A good trainer should break complex topics into smaller parts and focus on simplifying them. If delegates struggle to get it, ask yourself how can you divide it to chunks, how can you explain it in easier terms, how can you use metaphors, analogies and the like to make it easier to understand.

Remember, clarity is more important than volume of content; there is no point covering too much and leading to information overload.

 

Break content, simplify and clearly state them.

 

Making things simple is not always possible; plan ahead, anticipate, and adapt based on previous course deliveries.

To make it clear, you should consider providing examples as teaching by example is incredibly powerful.

What you should never do is to imply that if delegates cannot understand  something, then it is beyond them, or it’s not worthwhile, and you are going to skip it because you cannot spend your precious time on it! Adults will be outraged with this.

It is never their fault if they don’t get it, it is always yours.

 

EXMAPLE:

Here is an example. As a student, I attended a course on mechanics. The lecturer wanted to teach about “torque”. I expected him to start with Newtonian physics and cover the math one formula after another, as was the norm with many other lecturers. This was always very abstract and hard to follow.

This lecturer however, had a completely different approach. He brought with him a single wheel of a bicycle. He spun the wheel around while holding its axis and explained exactly what happens to various forces as the wheel spins. You could see what the centrifugal force was doing as well as gravity. You could learn quite visually what torque meant. He then used the same analogy to explain how torque was applied to a satellite in orbit. It was fascinating. I learned the concept so well that after a couple of decades I still remember this single lecture very well.

Such is the power of simplification and creative teaching, and most often, it doesn’t cost a lot more to do it. You don’t need sophisticated equipment. You can get a lot done by just asking yourself a simple question: “How can I make this easier to understand? How can I make it more interesting?”

 

Rate Yourself for Your Training Delivery

Was there any topic that took you longer than you anticipated to cover? What can you do to make the teaching more efficient?

Did you present complex topics in different ways to appeal to all learning styles?

What props, materials, gadgets or custom tools can you use to make teaching key complex topics easier?

For any complex topic, ask yourself:

  • “How can I make this easier to understand?”
  • “How can I make it more interesting?”
  • “How can I make it clearer?”

Do you have some students that struggle with a specific topic? If so, how can you simplify the topic?

 

 

Guideline #9: You Should Always Know What Topics Are a Priority to Learn

Don’t waste time covering topics raised by delegates that are out of scope or unrelated, no matter how much fun they are to talk about. 

Before the course, identify your key topics or risk running out of time covering them. Let’s remember this with an analogy often used in time management.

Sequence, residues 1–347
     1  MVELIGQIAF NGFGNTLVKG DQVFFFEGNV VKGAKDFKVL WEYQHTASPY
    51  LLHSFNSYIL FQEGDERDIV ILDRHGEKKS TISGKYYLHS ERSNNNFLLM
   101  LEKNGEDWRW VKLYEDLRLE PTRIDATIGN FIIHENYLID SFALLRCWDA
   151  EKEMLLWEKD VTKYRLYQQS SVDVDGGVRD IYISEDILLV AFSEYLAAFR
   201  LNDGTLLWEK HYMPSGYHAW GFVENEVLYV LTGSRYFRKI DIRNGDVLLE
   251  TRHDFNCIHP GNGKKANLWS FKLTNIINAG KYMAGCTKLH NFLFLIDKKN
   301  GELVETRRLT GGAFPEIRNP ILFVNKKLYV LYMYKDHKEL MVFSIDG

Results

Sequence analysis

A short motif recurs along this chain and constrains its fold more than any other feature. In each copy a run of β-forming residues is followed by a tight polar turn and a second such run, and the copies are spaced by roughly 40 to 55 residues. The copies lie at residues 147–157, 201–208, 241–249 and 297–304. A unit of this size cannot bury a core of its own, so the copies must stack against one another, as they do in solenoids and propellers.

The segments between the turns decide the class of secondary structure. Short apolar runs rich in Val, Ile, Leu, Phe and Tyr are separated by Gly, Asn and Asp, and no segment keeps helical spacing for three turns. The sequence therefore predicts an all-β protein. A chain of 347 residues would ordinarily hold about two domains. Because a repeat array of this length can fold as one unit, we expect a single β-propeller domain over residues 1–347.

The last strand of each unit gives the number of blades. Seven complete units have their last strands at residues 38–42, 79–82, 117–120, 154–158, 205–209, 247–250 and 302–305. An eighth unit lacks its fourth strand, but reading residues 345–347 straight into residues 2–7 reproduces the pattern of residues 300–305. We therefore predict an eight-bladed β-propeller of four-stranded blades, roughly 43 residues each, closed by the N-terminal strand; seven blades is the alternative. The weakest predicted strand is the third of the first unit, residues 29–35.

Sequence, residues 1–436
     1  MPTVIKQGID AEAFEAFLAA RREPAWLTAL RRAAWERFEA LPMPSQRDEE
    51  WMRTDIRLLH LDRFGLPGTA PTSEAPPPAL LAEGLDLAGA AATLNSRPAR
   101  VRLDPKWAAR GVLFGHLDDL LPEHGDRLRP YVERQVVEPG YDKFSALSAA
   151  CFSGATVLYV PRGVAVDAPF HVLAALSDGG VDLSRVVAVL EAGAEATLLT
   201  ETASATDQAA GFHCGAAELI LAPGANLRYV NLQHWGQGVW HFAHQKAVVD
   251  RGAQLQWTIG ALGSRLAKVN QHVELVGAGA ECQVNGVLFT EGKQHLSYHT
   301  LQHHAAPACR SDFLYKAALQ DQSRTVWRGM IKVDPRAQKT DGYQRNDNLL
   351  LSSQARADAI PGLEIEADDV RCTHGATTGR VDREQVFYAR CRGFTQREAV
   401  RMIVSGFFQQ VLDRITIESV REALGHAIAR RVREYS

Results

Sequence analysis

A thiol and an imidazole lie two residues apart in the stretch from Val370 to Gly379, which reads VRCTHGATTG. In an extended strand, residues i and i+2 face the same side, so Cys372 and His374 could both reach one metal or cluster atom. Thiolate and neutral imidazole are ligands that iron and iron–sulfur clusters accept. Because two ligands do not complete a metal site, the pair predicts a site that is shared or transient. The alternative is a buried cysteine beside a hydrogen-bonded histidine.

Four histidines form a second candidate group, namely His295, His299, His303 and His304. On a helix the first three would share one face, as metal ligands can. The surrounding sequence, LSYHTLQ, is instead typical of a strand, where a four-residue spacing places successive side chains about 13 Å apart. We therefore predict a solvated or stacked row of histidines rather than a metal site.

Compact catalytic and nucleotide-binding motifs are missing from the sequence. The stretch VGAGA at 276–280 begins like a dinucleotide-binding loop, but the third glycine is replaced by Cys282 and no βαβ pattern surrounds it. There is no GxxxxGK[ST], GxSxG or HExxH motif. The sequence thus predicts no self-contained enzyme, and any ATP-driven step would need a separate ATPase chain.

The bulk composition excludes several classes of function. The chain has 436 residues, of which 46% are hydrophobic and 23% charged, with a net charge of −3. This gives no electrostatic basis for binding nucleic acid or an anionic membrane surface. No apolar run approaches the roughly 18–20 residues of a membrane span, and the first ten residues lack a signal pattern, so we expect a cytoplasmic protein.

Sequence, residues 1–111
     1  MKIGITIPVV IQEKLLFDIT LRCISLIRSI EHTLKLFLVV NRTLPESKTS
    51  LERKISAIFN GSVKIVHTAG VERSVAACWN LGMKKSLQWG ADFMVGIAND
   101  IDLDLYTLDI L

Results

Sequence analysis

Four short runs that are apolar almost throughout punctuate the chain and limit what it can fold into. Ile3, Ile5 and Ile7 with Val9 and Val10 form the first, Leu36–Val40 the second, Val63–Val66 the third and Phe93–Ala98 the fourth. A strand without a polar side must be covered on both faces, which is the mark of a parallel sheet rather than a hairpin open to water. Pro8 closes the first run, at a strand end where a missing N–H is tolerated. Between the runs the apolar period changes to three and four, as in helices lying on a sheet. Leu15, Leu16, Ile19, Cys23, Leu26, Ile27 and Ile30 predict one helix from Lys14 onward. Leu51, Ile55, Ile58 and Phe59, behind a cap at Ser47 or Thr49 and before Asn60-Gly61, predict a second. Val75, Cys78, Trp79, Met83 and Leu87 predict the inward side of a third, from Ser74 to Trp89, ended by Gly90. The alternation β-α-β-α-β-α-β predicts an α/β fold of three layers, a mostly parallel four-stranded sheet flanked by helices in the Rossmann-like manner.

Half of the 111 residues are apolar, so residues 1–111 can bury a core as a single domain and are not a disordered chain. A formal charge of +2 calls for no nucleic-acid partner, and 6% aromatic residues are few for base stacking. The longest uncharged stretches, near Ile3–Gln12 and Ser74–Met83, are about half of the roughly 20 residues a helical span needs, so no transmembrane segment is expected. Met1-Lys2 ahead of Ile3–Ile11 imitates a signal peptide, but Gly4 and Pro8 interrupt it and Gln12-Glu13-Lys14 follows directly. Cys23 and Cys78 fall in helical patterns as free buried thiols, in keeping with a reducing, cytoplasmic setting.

Suppose a jar represents your total time and you want to fill it with stones and sands which represent your content. Key topics (or what I call “aha moments”) are much like “key stones”. The large stones (key learning points, critical assessed lessons, etc.) cannot be taken out, shrunk or ignored. You must include them all in the course. So, you should put them in the jar first to make sure they will fit. The rest of the space in the jar can be filled up with sand (unrelated topics, side topics, random discussions and non-critical topics).

You should only fill up the jar with sand after most key stones are already placed inside You don’t want to fill up the jar with too much sand too early only to realise you have ran out of space (or time) for some key stones (topics) that you wanted to include.

 

Plan your training course like a jar of stones.

 

Rate Yourself for Your Training Delivery

Did you prepare a list of core topics that must be covered and understood?

If someone asks you, “What are the three critical lessons, concepts or skills you consider crucial in this field?”, would you be able to state them in a heartbeat?

You cannot teach everything in a given time. You have to make a choice. Did you drop topics at design time to make sure you can focus on critical topics?

 

 

Guideline #10: Repeat Key Learning Points

Humans must repeat to learns. It’s just the way our brains work. Don’t expect anyone to learn without repetition. As you go through the course, repeat key points three times. Let them hear it, help them process it, and repeat again so they understand it.

 

REPETITION IS KEY

HEAR

PROCESS

UNDERSTAND  

 

When you repeat, repeat in a different way every time. You don’t want to bore them by going over a point in exactly the same way. This also helps you express it differently and appeal to different learning styles. Read more on why repetition is important in training.

 

Rate Yourself for Your Training Delivery

Did you prepare a set of key points before the course so that you knew what to focus on?

Did you repeat key learning points three times?

 

 

Guideline #11: Don’t Be a One-Way Source of Information: From You to Your Delegates

Here is a great test: Are your delegates only learning from you?

If yes, then you are missing a great chance. You must get them to learn from each other too.

 

Triangle between trainer and students.